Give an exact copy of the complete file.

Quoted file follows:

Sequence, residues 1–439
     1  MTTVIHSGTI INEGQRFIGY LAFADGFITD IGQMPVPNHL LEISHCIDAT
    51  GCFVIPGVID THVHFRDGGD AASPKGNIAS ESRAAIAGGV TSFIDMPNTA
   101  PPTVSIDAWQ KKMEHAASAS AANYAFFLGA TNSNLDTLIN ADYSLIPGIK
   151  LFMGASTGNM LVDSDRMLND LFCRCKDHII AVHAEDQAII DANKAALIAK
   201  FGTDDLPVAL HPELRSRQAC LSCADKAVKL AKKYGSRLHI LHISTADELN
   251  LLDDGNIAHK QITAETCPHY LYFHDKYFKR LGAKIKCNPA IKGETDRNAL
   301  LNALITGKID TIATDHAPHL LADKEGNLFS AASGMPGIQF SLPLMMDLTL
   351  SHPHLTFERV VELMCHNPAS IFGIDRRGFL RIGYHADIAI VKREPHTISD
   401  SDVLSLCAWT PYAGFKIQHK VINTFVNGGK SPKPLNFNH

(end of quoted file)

Sequence, residues 1–439
     1  MTTVIHSGTI INEGQRFIGY LAFADGFITD IGQMPVPNHL LEISHCIDAT
    51  GCFVIPGVID THVHFRDGGD AASPKGNIAS ESRAAIAGGV TSFIDMPNTA
   101  PPTVSIDAWQ KKMEHAASAS AANYAFFLGA TNSNLDTLIN ADYSLIPGIK
   151  LFMGASTGNM LVDSDRMLND LFCRCKDHII AVHAEDQAII DANKAALIAK
   201  FGTDDLPVAL HPELRSRQAC LSCADKAVKL AKKYGSRLHI LHISTADELN
   251  LLDDGNIAHK QITAETCPHY LYFHDKYFKR LGAKIKCNPA IKGETDRNAL
   301  LNALITGKID TIATDHAPHL LADKEGNLFS AASGMPGIQF SLPLMMDLTL
   351  SHPHLTFERV VELMCHNPAS IFGIDRRGFL RIGYHADIAI VKREPHTISD
   401  SDVLSLCAWT PYAGFKIQHK VINTFVNGGK SPKPLNFNH